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2006 Child Abduction Murder Study

In late 1993, the Criminal Division of the Washington State Attorney General's Office undertook a 3-1/2 year research project, partially funded by the U.S. Department of Justice, Office of Juvenile Justice and Delinquency Prevention, to study the investigation of child abduction murder cases.

In this first research project, published in 1997, researchers reviewed more than 600 child abduction murder cases across the United States, then interviewed the investigating detectives. This data provided law enforcement valuable insight into what investigative techniques tend to be most productive.

Now the Attorney General’s Office has released a follow-up study, including 175 additional solved cases. The additional cases generally reflect and support the findings in the original report with several significant and definite differences:

  • With more killers identified, researchers found threat that the killer will be a friend or acquaintance is nearly equal to that of a stranger.
  • The probability that the killer’s name will come up during the first week of the investigation has decreased.
  • The use of pornography by killers as a trigger to murder has increased.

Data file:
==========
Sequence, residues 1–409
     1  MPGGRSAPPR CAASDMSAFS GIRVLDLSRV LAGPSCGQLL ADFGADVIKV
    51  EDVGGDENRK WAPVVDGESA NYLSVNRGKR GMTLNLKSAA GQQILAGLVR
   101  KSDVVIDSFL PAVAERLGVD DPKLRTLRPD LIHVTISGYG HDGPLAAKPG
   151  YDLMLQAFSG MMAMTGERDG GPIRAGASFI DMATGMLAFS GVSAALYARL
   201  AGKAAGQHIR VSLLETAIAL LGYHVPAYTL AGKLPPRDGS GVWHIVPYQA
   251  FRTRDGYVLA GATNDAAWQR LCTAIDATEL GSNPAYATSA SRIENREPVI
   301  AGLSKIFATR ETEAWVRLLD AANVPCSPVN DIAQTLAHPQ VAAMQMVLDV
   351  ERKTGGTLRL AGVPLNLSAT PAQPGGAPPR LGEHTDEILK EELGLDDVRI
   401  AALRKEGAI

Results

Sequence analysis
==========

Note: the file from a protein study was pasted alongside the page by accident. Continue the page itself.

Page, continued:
Key findings:

  • In 74 percent of the missing children homicide cases studied, the child murder victim was female and the average age was 11 years old.
  • In 44 percent of the cases studied, the victims and killers were strangers, but in 42 percent of the cases, the victims and killers were friends or acquaintances.
  • Only about 14 percent of the cases studied involved parents or intimates killing the child.
  • Almost two-thirds of the killers in these cases have prior arrests for violent crimes, with slightly more than half of those prior crimes committed against children.
  • The primary motive for the child abduction killer in the cases studied was sexual assault.
  • In nearly 60 percent of the cases studied, more than two hours passed between the time someone realized the child was missing and the time police were notified.
  • In 76 percent of the missing children homicide cases studied, the child was dead within three hours of the abduction–and in  88.5 percent of the cases the child was dead within 24 hours.


Key recommendations to protect children:

  • Be aware that children are not immune from abduction because they are close to home.   More than half of the study’s abductions took place within three city blocks of the victim’s home.
  • Be certain that your children are supervised – even if they are in their own front yard or neighborhood street.   Approximately one-third of the abductions studied took occurred within one-half block of the victim’s home.
  • Teach your children not to ever approach a car– whether the occupant is a stranger or not– no matter what the occupant the tells them or asks them.
  • Be aware of strangers and unusual behavior in your neighborhoods.   Many child abductions are witnessed by people who do not realize that a crime is being committed.
  • If your child is ever missing, CALL POLICE IMMEDIATELY.   An immediate response to a missing or abducted child may be the difference between life and death.

Executive Summary

Conclusions

Download the entire report

Meet the research team

 

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